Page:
Internment: Samira Ahmed

” Set in a horrifying near-future United States, seventeen-year-old Layla Amin and her parents are forced into an internment camp for Muslim American citizens.

With the help of newly made friends also trapped within the internment camp, her boyfriend on the outside, and an unexpected alliance, Layla begins a journey to fight for freedom, leading a revolution against the camp’s Director and his guards. “

bookshop.org

Potential triggers…

  • Islamophobia
  • Internment camps
  • Violence/physical abuse
  • Murder
  • Torture

This is one of those books I’d never heard of, I just happened to stumble on it when I was looking to make a big bargain book order. In all the months I’ve been on Booktok I’ve never heard anyone talk about this book before…which is suprising.

Looking at other reviews, of this book, I found myself laughing at the amount of people who rated it low because it was “too woke.” Um…did you not read the summary of the book? How did you expect this dystopian book to play out? I’m genuinely curious.

I found myself marking different passages, that spoke to me, and there were many. So many lines reach out to me and made me realize I could, and should, be doing more. Layla was so strong, confident, and vocal in her feelings about everything.

I’ve always been more like Layla’s parents, trying to be quiet and go with the flow hoping that it will all turn out well. For years, as a child, I was trained that I should not be seen and I especially shouldn’t be heard, that nothing I had to say was meaningful or important. Having that mindset is hard to break.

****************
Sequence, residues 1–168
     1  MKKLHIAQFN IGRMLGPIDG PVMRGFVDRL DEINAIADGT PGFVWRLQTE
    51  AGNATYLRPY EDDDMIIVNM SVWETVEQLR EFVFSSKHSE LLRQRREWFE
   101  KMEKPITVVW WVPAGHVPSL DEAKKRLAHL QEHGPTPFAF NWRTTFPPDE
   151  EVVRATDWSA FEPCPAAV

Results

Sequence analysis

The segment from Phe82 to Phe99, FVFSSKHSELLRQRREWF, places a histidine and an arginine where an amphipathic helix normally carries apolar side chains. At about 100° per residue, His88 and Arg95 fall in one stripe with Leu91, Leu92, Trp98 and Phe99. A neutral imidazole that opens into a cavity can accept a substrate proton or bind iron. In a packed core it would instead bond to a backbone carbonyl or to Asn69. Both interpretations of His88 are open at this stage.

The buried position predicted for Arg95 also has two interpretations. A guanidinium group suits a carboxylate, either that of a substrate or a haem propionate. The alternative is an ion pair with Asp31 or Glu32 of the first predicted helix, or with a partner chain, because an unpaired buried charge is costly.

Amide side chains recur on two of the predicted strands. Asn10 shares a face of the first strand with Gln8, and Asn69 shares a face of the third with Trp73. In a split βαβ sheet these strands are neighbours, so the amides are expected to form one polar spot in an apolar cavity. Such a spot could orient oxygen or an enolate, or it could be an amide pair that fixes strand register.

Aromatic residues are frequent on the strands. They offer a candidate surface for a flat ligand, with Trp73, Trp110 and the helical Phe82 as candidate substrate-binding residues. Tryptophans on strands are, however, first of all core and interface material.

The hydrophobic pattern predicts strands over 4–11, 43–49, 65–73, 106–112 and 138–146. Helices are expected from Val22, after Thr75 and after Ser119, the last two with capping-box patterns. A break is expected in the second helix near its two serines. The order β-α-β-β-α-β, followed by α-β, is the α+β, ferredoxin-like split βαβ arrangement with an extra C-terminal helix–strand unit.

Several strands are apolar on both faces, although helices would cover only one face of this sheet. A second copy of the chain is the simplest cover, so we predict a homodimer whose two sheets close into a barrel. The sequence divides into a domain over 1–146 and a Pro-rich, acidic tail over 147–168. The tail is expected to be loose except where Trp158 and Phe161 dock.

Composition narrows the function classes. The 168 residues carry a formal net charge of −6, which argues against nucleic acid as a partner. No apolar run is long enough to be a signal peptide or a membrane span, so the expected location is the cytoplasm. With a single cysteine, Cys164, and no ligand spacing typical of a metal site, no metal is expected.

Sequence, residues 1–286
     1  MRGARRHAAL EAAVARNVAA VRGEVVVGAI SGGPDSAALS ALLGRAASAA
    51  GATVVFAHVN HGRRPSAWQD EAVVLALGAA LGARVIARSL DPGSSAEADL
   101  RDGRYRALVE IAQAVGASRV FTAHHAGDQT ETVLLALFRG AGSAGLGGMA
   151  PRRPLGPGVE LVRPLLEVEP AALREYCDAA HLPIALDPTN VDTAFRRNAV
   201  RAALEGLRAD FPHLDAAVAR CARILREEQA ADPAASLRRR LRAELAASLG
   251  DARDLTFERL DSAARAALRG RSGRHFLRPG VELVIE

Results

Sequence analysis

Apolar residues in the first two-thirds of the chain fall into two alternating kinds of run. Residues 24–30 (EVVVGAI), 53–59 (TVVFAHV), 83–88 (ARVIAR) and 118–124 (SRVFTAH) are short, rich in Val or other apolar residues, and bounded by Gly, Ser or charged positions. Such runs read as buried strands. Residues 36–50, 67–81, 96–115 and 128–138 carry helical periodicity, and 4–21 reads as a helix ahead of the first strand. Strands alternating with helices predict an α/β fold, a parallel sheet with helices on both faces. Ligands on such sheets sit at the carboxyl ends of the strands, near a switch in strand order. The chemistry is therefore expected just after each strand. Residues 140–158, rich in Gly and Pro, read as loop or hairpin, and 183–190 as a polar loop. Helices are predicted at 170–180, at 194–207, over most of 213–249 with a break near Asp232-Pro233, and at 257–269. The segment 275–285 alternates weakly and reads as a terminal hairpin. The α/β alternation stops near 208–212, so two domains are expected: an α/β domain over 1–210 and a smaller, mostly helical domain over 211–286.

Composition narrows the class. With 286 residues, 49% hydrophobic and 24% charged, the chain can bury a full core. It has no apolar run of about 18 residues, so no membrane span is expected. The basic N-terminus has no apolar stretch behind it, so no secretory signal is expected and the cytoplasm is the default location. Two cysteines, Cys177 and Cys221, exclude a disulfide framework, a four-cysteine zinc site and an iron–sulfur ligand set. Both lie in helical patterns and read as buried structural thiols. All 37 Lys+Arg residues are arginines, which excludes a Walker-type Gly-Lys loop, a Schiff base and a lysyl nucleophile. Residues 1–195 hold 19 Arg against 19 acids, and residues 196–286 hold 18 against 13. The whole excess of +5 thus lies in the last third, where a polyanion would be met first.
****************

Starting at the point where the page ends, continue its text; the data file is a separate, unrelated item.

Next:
Having always felt like an outsider I’ve always tried to understand everyone I meet, no matter their race/religion/gender/sexuality, I try to see who they are as a person before I judge them. Are they kind? Do they treat others well and fair? That’s what matters to me. I’ve found it always best to judge others on their actions and reactions rather than on what skin color they have, which bathroom they feel comfortable in, or what religion they practice.

As a parent I find it important to make sure my children know they have voices, and that their voices are important. I want to ensure they treat others well and have open and inclusive hearts. Although I’m still, in many ways, finding my voice…I hope to raise my children knowing how important theirs are and never have them feel afraid or ashamed of using theirs.

I hope more people read this book and take to heart that something like this isn’t as far from reality as we’d like to think. It’s up to all of us to ensure this (internment camps) never happens again.

Published by Noelle Loves Books

Growing up, Japanese and Indigenous, it was hard to find books that showcased stories and worlds that accurately portrayed Noelle’s experiences. Fantasy quickly became her main love, as you could really be anyone, anywhere. As the years went on, and technology grew, Noelle was finally able to see more stories and authors that looked and felt like her. Noelle is open to all genre’s though she can mostly be found reading own voice, fantasy, and romance. Ratings: 5 Stars: Completely blew me away 4 Stars: Loved the story but didn't feel completely blown away by it 3 Stars: Liked the overall concept of the story but either had poor execution, had a lot of plot holes, or was written poorly 2 Stars: I struggled to understand the plot, poorly written, or just had really unlikeable characters along with a poor writing 1 Star: Horribly written, major plot holes, or extremely unlikeable characters and plots.

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